The poster you can see on the window (albeit backwards) is for a band we know called Thwomp. They do rock covers of video games. They’re pretty awesome. You can find their music right here if metal covers of Mega Man music appeal to you, and how could they not.
I needed something for Zoe to be listening to on her way into the building, to cover the fact she didn’t notice Jeff’s ranting, or, as it turned out when we actually staged and shot it, Becky waiting in ambush. Zoe seemed the exact type to enjoy Jonathan Coulton. Because she’s on the geeky side and has a heart and feelings, so of course she likes Jonathan Coulton.
The trick about punchlines
In the punchline of this week’s episode, Jeff asks if Zoe deals with this sort of thing on her blog. After saying “I’m a woman. On the internet,” she decides he’s had enough for one day, and says that, no, everyone who comments on her blog is totally respectful.
Wasn’t the original punchline.
Because I spend a lot of time online, and have these crazy thoughts that maybe every woman I’ve ever cared about or will ever meet shouldn’t have to deal with a misogynist culture or live under the constant threat of sexual violence from men, I am well aware about what Zoe would have to deal with on her blog.
Jeff gets mean comments that his film might not be very good. Zoe gets threatened with rape and death if she expresses an opinion about a comic book.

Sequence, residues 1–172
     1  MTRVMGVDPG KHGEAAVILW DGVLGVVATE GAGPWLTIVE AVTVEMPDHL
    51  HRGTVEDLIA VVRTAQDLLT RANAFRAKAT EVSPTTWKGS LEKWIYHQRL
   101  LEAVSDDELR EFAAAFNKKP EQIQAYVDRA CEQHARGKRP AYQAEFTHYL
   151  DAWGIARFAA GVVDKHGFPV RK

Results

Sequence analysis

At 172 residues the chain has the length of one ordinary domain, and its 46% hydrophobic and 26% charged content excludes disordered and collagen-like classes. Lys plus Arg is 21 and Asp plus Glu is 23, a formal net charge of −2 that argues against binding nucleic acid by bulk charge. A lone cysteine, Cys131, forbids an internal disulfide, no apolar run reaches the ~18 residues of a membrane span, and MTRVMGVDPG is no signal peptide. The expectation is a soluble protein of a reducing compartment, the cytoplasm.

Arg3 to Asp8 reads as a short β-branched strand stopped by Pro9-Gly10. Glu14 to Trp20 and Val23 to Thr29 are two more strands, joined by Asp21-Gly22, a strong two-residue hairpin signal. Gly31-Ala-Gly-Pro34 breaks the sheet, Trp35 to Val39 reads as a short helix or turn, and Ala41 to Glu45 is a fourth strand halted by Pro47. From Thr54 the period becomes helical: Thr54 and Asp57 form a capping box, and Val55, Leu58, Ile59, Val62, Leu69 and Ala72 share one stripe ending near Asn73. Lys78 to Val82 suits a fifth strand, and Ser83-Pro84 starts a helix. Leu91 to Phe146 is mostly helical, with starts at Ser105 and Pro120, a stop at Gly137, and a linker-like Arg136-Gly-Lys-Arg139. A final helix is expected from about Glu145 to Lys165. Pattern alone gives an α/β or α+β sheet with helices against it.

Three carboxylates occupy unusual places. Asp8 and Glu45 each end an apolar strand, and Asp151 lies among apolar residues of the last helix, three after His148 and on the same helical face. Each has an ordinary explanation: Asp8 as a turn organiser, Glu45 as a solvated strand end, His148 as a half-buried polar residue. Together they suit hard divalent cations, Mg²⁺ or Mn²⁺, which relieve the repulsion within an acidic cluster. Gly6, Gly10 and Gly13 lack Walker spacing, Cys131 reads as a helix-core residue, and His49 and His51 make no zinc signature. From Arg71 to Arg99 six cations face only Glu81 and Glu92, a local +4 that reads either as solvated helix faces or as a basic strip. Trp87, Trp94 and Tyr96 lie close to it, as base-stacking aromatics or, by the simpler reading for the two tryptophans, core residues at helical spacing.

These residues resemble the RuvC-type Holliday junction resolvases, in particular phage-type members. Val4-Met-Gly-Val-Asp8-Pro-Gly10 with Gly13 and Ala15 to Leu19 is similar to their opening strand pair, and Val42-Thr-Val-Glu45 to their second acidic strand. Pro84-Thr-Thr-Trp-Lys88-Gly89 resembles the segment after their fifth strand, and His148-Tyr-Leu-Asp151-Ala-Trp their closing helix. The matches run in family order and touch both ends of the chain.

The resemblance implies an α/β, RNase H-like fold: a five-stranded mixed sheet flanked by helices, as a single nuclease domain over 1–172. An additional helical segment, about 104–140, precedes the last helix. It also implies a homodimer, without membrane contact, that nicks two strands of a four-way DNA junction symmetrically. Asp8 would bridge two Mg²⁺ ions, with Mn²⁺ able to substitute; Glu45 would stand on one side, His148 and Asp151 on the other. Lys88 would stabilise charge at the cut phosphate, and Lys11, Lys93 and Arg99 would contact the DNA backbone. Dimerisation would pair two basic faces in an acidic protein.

And this episode was written before the real-life horror movie that is GamerGate got started, and “doxxing” and “Swatting” entered the common lexicon.
So I considered having the punchline of the episode be a little different, acknowledging what I was sadly confident would be part of Zoe’s day-to-day life. But we decided that might be a little too dark. Dark’s all well and good in the set up, but if you’re working it into the punchline, you’d better be confident your audience is going to be okay with that. It’s Always Sunny in Philadelphia trains its audience to expect a dark punchline to a dark premise; we didn’t have that expectation. So I went the other way. I think it works better. Provides a nice end moment instead of something that would just get Jeff spun up again.
Which is not to say that we shy away from controversial jokes. As we’ll see next week, when we talk about the yelling fight Keith and I had in a pub about… well, I wouldn’t want to give it away.
Seriously, like, share, subscribe, and comment on the videos. YouTube pays attention to that stuff.